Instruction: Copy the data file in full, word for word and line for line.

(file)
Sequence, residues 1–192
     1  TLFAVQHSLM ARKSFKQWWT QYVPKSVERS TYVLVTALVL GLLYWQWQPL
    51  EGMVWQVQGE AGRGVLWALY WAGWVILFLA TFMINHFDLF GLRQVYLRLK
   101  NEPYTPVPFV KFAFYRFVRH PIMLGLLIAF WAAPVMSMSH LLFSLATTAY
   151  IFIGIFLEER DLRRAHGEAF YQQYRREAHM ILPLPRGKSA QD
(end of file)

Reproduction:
Sequence, residues 1–192
     1  TLFAVQHSLM ARKSFKQWWT QYVPKSVERS TYVLVTALVL GLLYWQWQPL
    51  EGMVWQVQGE AGRGVLWALY WAGWVILFLA TFMINHFDLF GLRQVYLRLK
   101  NEPYTPVPFV KFAFYRFVRH PIMLGLLIAF WAAPVMSMSH LLFSLATTAY
   151  IFIGIFLEER DLRRAHGEAF YQQYRREAHM ILPLPRGKSA QD